Figure 1: 

EMD Millipore performed filter validatation of the sterilizing-grade final filter as a parallel phase of the project. The company included bacterial retention testing, product-specific filter integrity testing with both air and nitrogen, and chemical compatibility testing.

Bacterial Retention Testing: The filter’s ability to retain bioburden was qualified in combination with the product and its process parameters. Because product and/or processing conditions may be antagonistic to the test organism, bacterial retention testing was split into two parts: a viability test and the actual retention test.

Integrity Testing: The integrity testing of sterilizing-grade filters is a regulatory requirement (1,2). However, most drug products contain components that change surface interactions between the filter and the wetting fluid, which may alter integrity test results. So it is often useful to determine product-specific integrity value. Integrity test ratio determination (e.g., bubble-point ratio) is a proven method for providing minimum integrity values for a product-based wetting fluid.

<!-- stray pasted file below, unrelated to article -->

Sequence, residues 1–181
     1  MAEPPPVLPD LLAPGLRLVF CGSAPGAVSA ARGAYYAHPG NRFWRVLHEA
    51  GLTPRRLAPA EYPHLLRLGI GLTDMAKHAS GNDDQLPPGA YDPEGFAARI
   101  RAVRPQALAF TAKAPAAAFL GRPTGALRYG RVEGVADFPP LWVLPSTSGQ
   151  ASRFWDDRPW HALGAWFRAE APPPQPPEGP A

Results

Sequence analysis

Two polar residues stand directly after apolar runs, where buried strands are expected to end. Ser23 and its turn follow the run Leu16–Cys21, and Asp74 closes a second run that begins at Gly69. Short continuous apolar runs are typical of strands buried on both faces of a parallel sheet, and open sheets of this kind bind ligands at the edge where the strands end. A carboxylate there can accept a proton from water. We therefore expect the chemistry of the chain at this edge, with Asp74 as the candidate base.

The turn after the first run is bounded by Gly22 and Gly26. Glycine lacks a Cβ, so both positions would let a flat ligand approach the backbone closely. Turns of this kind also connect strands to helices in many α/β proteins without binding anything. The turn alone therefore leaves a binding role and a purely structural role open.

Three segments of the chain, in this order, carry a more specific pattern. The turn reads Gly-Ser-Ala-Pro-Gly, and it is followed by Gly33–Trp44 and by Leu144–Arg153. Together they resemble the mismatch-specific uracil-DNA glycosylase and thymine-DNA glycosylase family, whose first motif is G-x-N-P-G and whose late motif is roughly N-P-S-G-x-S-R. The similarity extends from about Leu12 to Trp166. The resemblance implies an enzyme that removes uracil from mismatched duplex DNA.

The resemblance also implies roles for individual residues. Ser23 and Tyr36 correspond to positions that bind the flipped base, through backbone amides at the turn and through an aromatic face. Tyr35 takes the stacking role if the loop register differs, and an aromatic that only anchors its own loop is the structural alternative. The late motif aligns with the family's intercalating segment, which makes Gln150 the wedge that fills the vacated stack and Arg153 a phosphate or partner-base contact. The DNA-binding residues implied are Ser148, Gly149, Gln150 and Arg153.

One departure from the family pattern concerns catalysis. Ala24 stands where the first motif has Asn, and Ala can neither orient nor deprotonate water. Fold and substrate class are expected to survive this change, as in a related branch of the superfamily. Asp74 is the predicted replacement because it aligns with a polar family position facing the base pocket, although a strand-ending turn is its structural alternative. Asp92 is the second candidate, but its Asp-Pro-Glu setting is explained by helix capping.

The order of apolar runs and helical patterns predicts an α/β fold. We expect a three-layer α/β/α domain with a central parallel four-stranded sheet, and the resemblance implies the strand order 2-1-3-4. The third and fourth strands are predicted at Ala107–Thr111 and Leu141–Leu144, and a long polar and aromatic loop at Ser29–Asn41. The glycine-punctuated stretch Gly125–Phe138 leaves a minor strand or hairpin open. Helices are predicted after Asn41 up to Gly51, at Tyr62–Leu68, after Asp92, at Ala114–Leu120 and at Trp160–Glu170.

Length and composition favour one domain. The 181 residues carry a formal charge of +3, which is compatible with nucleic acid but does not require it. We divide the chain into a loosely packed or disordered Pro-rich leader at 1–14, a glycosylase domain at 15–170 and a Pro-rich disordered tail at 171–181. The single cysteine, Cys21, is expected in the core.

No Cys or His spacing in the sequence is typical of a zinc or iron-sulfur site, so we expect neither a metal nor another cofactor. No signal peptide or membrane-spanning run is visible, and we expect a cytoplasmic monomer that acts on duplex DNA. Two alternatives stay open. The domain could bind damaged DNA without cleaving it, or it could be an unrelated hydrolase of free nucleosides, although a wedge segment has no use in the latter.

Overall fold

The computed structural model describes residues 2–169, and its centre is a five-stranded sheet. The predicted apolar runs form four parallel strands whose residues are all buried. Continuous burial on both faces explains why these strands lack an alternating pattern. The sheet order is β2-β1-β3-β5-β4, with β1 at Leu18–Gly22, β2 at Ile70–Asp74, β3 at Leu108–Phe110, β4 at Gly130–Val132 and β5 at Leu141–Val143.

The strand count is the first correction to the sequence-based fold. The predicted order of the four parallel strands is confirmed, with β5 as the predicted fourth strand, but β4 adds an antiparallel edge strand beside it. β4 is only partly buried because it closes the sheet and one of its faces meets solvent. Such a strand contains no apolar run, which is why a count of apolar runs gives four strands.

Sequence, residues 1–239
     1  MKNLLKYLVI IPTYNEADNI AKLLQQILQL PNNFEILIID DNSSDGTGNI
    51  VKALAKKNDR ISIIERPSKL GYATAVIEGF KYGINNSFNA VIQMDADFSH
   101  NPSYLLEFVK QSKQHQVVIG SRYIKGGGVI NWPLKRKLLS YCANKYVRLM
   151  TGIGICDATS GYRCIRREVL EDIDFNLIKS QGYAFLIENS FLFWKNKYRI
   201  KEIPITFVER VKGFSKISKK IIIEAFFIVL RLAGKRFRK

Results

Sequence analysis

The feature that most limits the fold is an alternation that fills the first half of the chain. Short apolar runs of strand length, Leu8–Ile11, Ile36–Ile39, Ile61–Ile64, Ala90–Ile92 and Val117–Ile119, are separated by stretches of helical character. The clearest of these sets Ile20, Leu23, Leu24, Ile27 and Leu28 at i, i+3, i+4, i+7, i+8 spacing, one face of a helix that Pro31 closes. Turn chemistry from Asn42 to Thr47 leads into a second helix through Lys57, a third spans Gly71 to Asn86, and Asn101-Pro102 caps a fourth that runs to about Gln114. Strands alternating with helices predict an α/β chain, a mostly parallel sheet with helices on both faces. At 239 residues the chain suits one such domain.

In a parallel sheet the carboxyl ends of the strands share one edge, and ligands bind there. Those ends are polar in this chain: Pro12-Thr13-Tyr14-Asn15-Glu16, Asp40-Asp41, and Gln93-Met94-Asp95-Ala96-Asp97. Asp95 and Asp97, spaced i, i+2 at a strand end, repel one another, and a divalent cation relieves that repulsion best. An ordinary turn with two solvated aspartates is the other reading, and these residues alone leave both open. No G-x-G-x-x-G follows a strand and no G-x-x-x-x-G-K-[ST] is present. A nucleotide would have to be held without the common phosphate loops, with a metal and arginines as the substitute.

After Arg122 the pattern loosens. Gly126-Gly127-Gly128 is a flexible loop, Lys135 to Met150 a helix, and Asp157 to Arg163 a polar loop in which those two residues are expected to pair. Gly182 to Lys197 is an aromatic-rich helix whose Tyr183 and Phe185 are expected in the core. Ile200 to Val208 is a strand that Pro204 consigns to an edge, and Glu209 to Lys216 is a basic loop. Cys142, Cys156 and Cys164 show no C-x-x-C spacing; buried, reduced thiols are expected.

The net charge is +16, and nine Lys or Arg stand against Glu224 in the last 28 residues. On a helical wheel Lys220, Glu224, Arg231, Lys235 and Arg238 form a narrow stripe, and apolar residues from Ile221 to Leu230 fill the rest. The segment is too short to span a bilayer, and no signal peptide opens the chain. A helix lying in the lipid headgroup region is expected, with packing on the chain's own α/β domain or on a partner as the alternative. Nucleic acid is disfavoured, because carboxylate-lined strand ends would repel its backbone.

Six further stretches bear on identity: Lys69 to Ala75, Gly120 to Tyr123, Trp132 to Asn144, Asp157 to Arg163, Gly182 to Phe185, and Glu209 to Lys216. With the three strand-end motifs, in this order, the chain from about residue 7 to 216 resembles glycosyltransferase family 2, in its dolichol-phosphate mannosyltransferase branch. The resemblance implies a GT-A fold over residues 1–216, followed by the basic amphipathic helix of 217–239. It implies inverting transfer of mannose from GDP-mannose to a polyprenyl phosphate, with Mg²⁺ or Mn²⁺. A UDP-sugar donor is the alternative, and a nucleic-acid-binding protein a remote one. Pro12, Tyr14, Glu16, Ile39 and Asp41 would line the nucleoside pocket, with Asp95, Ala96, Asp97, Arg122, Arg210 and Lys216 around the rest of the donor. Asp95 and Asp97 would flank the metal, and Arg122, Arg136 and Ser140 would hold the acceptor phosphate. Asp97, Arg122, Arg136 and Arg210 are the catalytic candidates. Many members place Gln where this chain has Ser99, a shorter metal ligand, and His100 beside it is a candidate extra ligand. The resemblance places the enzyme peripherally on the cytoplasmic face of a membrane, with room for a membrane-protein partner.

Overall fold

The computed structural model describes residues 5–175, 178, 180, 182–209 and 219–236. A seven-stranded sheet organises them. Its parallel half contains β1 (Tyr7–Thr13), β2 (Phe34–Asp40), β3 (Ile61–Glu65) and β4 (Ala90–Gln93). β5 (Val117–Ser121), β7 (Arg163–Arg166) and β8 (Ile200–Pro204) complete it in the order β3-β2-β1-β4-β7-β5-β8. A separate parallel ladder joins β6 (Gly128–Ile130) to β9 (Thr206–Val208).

Chemical Compatibility Testing: Numerous chemical interactions may occur between filter materials and constituents in a drug product. The effects of such interactions were characterized.

EMD Millipore produced the first prototypes on the basis of the first drawing. Several test runs dispensed water instead of product to check for suitability and functionality. In the test runs, the entire process was simulated and optimized — beginning with the transfer of the single-use assembly into the aseptic core through a vaporized hydrogen peroxide (VHP) lock through its disposal upon completion of the filling process. The focus of those test runs was the filling process with single-use equipment, in particular, compliance with the specified filling tolerances (Figure 2). Those test runs showed that two small changes would be required for completing the final drawing of the single-use assembly (Figure 1).